students have grown a year, and at least
one student grows more than a year
A Downward Trend is when most
students have grown less than a year
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Teacher rated Excellent
for student growth
More students at and above grade level
at the end of the year than at the
beginning.
However, in determining the performance
rating, the principal and teacher shall
discuss the growth trend of the class to
ensure that a fair and accurate
summative rating is given to the teacher.
9
Teacher Rated Satisfactory
for student growth
The same number of students at and
above grade level at the end of the year
as at the beginning.
However, in determining the performance
rating, the principal and teacher shall
discuss the growth trend of the class to
ensure that a fair and accurate
summative rating is given to the teacher.
10
Teacher rated Unsatisfactory
for Student Growth
Fewer students at and above grade level
at the end of the year as at the beginning
of the year.
However, in determining the performance
rating, the principal and teacher shall
discuss the growth trend of the class to
ensure that a fair and accurate
summative rating is given to the teacher.
11
Shared Responsibility
When more than one teacher is
significantly engaged in a student’s
education (general education, special
education, reading/learning specialists
and/or others), they will share responsibility
for the student’s growth.
These teachers will collaboratively develop
challenging standards-based goals and
jointly monitor student progress.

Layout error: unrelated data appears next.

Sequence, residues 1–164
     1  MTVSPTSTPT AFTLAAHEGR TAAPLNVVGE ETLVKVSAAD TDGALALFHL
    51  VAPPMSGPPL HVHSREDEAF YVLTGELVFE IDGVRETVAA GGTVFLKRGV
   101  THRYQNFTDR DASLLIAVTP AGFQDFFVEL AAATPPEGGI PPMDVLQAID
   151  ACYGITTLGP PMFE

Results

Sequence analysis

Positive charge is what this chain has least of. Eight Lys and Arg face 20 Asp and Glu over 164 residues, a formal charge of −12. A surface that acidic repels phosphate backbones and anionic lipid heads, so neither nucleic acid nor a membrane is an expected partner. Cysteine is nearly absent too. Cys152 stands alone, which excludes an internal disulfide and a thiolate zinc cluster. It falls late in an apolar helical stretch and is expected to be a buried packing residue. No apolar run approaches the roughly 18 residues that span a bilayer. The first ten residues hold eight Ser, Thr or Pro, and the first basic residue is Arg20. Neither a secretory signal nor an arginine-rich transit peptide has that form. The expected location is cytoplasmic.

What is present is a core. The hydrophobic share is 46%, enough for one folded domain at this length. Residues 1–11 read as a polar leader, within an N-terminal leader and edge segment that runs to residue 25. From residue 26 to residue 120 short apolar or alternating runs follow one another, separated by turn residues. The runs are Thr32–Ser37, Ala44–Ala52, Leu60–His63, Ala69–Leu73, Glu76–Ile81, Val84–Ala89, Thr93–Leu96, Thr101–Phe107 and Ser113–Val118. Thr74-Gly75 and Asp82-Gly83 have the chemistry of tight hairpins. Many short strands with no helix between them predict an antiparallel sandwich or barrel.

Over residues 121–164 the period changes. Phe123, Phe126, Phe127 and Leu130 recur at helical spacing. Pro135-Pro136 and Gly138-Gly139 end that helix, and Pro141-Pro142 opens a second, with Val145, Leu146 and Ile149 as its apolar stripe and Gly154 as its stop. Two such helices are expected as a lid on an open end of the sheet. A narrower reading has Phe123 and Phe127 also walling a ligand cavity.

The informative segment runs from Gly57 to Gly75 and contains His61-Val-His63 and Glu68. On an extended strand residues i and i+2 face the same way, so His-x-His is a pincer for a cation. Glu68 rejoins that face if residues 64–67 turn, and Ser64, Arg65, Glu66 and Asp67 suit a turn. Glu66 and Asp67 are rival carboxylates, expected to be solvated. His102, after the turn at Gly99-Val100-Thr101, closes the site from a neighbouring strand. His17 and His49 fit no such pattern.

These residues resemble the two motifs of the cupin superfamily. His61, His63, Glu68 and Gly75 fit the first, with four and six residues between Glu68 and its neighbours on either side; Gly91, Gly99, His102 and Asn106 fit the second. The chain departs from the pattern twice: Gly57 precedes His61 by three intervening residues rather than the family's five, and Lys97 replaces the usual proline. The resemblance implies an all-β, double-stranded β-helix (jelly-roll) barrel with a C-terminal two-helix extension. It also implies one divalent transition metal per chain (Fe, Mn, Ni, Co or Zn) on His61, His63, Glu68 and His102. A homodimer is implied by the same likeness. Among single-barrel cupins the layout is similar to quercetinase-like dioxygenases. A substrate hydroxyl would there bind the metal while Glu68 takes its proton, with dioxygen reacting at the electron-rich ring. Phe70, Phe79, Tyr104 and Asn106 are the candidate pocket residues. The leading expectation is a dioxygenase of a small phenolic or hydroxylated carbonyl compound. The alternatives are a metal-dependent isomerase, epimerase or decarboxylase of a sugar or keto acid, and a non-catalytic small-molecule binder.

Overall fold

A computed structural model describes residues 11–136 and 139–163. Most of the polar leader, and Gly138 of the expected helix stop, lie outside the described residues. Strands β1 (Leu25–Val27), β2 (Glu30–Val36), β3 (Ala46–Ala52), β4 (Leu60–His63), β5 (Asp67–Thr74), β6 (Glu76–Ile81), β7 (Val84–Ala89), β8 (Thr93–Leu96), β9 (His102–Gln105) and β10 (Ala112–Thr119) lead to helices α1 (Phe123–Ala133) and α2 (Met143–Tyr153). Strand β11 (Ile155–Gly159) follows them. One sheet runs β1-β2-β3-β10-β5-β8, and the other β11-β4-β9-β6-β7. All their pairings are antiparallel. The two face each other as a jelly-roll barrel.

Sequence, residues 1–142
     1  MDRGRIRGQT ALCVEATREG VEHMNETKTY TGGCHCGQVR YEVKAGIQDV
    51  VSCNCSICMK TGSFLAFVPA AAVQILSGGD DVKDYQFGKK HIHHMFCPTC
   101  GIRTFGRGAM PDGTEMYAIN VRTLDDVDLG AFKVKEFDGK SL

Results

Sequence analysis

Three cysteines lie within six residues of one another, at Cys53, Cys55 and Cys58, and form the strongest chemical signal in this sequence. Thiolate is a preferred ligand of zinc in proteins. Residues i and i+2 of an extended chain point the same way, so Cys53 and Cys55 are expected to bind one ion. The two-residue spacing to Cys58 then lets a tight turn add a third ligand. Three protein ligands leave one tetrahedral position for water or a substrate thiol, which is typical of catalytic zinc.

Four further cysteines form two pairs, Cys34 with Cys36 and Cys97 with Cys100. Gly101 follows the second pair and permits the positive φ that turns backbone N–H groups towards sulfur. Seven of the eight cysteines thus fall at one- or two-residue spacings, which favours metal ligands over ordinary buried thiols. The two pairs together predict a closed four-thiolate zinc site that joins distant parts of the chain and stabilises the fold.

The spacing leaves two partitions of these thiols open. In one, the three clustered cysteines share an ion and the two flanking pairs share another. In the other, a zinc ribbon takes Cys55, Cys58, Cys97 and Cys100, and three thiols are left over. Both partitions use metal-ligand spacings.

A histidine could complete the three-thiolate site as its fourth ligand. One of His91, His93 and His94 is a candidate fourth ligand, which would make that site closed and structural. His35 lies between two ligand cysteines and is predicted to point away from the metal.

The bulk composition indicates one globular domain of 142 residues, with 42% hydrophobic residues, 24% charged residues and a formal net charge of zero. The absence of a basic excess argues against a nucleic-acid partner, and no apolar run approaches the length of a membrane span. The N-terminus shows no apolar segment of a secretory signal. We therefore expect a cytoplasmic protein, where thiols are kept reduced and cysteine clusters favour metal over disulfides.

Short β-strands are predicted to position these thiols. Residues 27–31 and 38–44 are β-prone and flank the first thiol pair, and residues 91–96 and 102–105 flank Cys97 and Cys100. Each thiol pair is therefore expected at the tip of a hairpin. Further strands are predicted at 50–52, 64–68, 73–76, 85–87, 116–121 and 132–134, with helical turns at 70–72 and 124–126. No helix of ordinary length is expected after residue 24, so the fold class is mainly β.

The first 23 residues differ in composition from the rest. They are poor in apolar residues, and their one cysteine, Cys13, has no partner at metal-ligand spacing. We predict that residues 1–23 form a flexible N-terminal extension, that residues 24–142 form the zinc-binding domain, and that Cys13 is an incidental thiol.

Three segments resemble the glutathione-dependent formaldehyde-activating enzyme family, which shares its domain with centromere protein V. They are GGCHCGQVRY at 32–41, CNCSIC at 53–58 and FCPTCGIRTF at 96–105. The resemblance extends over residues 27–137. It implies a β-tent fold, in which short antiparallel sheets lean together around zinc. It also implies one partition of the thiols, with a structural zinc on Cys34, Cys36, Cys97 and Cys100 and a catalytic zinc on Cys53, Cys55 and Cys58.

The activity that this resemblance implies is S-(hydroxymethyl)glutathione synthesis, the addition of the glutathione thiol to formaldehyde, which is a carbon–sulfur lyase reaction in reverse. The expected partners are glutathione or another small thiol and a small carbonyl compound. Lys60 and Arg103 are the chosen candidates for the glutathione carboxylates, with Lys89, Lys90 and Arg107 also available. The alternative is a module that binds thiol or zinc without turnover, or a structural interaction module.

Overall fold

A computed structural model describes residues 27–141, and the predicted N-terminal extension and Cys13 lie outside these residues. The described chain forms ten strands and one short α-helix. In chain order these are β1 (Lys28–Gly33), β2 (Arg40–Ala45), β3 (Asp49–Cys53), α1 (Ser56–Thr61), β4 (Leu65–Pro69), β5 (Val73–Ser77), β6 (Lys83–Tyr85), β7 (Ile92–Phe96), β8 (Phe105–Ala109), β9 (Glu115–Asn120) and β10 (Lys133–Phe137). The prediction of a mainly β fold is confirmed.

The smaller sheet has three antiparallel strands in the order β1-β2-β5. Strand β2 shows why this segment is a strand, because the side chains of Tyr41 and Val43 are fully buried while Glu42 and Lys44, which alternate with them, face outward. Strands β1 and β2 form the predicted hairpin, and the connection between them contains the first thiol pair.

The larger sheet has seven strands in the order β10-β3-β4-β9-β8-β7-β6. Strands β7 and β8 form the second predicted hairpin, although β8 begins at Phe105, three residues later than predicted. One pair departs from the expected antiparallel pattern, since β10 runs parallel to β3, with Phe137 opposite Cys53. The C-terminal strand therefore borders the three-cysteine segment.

In the case of a student with an IEP, the
IEP can meet this requirement.
Extenuating Circumstances
A teacher is responsible for the growth of all students.
However, extenuating circumstances that impact the
achievement level of some students may be considered.
Extenuating factors include, but are not limited to:
•behavioral
•emotional
•health concerns
•family issues
•attendance
•enrollment date
The impact extenuating factors may have on student growth
should be identified by the teacher and addressed during
ongoing conversations throughout the year between the
teacher and evaluator, as well as at the summative
conference.
12
Summative Ratings
A summative conference is held at the end of
the year.
Teacher and evaluator discuss the teacher’s
performance related to:
•Danielson Framework (the teaching/instructional
process)
•Student Growth (the teaching/instructional outcomes)
Teacher and evaluator review trend* data,
extenuating circumstances and other
appropriate documentation.
*Upward or downward trend in student achievement can change a growth rating even
though there is no change in the number of students at and above grade level or below
grade level when comparing end of year to beginning of the year.
Arriving at the Summative Rating
Danielson
Growth
Summative
Excellent
Excellent
Excellent
Excellent
Satisfactory
Excellent or Satisfactory*
Excellent
Unsatisfactory
Satisfactory or Unsatisfactory*
Satisfactory
Excellent
Excellent or Satisfactory*
Satisfactory
Satisfactory
Satisfactory
Satisfactory
Unsatisfactory
Satisfactory or Unsatisfactory*
Unsatisfactory
Excellent
Satisfactory or Unsatisfactory *
Unsatisfactory
Satisfactory
Satisfactory or Unsatisfactory *
Unsatisfactory
Unsatisfactory
Unsatisfactory
*The summative rating will be dependent upon discussion and review of
documentation at the summative conference.
Resolving Rating
Discrepancies
If a teacher should receive an excellent
rating in one area and unsatisfactory rating in
the other, the Framework and Student
Growth rating shall be carefully reviewed
before a final summative rating is
determined.
If additional anomalies should surface, they
can and will be addressed through the
continuing review during the implementation
process.
15
Joint Evaluation Committee
Monitoring
Each Districtwide programmatic anomaly will
be reviewed by the Joint Evaluation
Committee.
If a problem exists, corrective action will be
taken by the Committee.
When appropriate, summative ratings that
were affected by an identified problem will be
modified in keeping with the corrective action.